05 Jul [US] Keeping Up With Employee Leave Law: A Sisyphean Task
By Jeff Russell – GeniusHR
Synopsis: Employee leave laws and regulations are adding new entitlements at all levels of government, and the burden is on HR to avoid liability for violations.
Open up any HR blog or newsletter these days, and one constant lament is the Sisyphean task of managing leave in all its forms. For Sisyphus, the job was simple: roll a giant rock to the top of the hill. But each time he got close to the summit the rock rolled down to the bottom again. In HR, each time you think you have your patched-together leave management system under control, the rock slides back down the hill under the weight of yet another leave regulation, ordinance, or statute.
The blogs are abuzz this week about a new $1.2 million FMLA case in which an employee went to their supervisor and requested time off due to severe depression. The supervisor short answers it with, “Your time here’s been great, but you’re fired.” That short answer cost the company $1.2 million in fines, back wages, attorney fees and court costs. Sadly, this story’s an oft-told one. The majority of FMLA and ADA cases nationwide result from a supervisor’s wrongful action or inaction.
The popular belief is that good supervisor training will solve the problem. I agree that supervisors must be trained on their responsibility and the liability for their actions. But this is not the silver bullet. While supervisors are good at supervising employees they are ill-equipped to keep up with all the various changes in laws, regulations and court decisions. Even those involved in a daily basis with employment law are hard-pressed to keep up with the various changes.
With governments at all levels – federal, state and local — creating new types of mandated leave and benefits, companies operating in multiple jurisdictions are even more hard-pressed to keep that rock at the top of the hill. Recently, Colorado passed a new version of family medical leave that effectively doubles the amount of leave that an employee may take during any 12 month period, if they are in a registered domestic partnership or civil union. Portland granted employees who work 240 hours in that city additional sick leave privileges, regardless of whether they are stationed there permanently.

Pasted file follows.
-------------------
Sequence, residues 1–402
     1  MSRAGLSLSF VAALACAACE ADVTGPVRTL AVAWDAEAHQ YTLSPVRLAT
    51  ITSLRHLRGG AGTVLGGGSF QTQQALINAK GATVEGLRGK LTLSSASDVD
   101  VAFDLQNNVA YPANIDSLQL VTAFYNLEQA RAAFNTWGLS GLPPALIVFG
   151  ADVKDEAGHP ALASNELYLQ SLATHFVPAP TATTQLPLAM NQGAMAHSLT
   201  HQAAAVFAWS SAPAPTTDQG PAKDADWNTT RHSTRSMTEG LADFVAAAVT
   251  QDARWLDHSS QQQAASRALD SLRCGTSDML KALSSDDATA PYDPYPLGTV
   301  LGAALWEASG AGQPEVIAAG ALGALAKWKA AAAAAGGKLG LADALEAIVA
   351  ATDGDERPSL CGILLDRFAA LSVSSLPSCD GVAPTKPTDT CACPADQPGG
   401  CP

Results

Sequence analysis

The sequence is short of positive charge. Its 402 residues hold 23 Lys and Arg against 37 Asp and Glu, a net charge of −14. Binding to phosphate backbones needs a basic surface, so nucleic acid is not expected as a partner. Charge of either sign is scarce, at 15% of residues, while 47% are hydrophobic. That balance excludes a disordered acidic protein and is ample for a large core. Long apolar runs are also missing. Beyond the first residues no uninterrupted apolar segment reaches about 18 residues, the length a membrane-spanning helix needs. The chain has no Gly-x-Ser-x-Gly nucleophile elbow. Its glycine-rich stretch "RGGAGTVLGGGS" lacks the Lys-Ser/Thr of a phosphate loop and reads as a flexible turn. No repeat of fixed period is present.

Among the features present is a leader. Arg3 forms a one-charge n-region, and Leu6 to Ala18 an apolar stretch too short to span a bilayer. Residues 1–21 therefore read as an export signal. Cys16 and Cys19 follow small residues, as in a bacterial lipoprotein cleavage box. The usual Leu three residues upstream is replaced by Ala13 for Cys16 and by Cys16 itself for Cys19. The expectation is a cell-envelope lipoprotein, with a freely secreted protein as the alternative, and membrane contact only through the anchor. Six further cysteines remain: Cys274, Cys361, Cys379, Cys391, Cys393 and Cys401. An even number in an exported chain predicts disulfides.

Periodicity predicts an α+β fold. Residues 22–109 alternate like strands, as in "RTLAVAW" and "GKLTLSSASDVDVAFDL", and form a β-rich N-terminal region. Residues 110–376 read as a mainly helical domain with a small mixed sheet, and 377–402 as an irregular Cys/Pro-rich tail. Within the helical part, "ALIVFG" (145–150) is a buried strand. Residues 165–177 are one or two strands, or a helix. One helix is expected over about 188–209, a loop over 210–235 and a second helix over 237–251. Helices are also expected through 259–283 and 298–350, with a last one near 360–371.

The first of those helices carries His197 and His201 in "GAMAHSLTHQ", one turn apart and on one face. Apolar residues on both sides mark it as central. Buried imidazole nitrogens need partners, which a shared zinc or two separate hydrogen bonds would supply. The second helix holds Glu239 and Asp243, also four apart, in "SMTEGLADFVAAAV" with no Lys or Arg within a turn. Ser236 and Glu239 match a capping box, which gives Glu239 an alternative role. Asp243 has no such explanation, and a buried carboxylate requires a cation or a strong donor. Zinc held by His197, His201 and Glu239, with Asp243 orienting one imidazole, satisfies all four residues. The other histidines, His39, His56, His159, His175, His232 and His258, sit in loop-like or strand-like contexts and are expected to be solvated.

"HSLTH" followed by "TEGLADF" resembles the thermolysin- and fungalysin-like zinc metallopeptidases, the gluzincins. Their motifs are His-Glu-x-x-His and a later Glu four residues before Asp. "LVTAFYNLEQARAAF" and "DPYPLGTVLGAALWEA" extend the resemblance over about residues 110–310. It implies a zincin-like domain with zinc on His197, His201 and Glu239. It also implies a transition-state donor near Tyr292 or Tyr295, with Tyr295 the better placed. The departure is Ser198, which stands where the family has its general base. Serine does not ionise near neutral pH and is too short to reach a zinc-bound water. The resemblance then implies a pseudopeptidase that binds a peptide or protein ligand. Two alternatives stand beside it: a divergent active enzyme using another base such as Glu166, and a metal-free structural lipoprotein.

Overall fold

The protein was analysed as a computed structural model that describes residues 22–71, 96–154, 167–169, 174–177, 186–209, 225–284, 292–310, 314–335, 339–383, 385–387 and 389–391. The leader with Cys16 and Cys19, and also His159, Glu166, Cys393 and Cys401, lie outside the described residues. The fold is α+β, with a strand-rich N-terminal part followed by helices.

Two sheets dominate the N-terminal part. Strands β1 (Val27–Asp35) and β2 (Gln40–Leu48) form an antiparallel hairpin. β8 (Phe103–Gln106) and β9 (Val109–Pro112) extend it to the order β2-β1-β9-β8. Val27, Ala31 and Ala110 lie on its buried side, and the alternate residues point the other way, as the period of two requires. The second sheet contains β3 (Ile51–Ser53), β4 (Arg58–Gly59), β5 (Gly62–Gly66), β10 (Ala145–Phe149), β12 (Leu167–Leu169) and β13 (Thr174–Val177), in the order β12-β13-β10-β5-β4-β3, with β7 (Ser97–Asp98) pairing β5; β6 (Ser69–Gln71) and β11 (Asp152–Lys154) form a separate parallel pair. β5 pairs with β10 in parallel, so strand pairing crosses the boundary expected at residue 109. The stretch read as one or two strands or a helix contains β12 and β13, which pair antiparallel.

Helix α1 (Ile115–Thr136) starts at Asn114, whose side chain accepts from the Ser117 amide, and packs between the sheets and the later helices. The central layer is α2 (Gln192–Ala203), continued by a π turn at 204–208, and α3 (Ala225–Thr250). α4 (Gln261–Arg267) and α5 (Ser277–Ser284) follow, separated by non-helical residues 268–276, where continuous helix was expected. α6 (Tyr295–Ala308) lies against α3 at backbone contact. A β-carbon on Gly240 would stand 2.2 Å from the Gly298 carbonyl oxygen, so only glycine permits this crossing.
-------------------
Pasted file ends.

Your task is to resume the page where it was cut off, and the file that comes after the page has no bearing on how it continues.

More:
Much of the time in leave request situations, HR is the last to be consulted and even then, many HR professionals struggling with keeping up their daily tasks often fall behind in keeping up with the plethora of changes. An HRIS system should allow an employee to initiate a leave request, automatically notify both the supervisor and HR, who can ensure the transaction is handled in a legally compliant way. HR can rely on the system to provide both general and specific guidance that addresses any issues that may be involved with FMLA leave, ADA compliance, FLSA compliance, or statutes on the state and local level.
The bonus of such a system is that it documents the steps taken by all parties. This is a key point: employers may be in the right, but if it’s not documented, it may not matter. The only truly effective solution is an expert HRIS system with clear guidance on compliance. In this regulatory insane world, it comes down to which check you would rather write: the smaller one for prevention or the larger one for legal claims that fix nothing, and leave you looking at that same rock at the bottom of the hill.
About the Author:
Jeff Russell is an entrepreneur with two successful past ventures under his belt before creating the company that became GeniusHR. Most notably, he served as Chief Technology Officer and Chief Operating Officer for OneTravel, one of the industry’s first consumer-focused online travel agencies. He is a longtime observer and tinkerer in the area of administrative efficiency, believing that a common sense approach works best every time. His current specialty is the HR function in small to mid-size enterprises. In 2010, Jeff began work on the technology platform that is the basis for GeniusHR and currently serves as its CEO and Chief Thinker.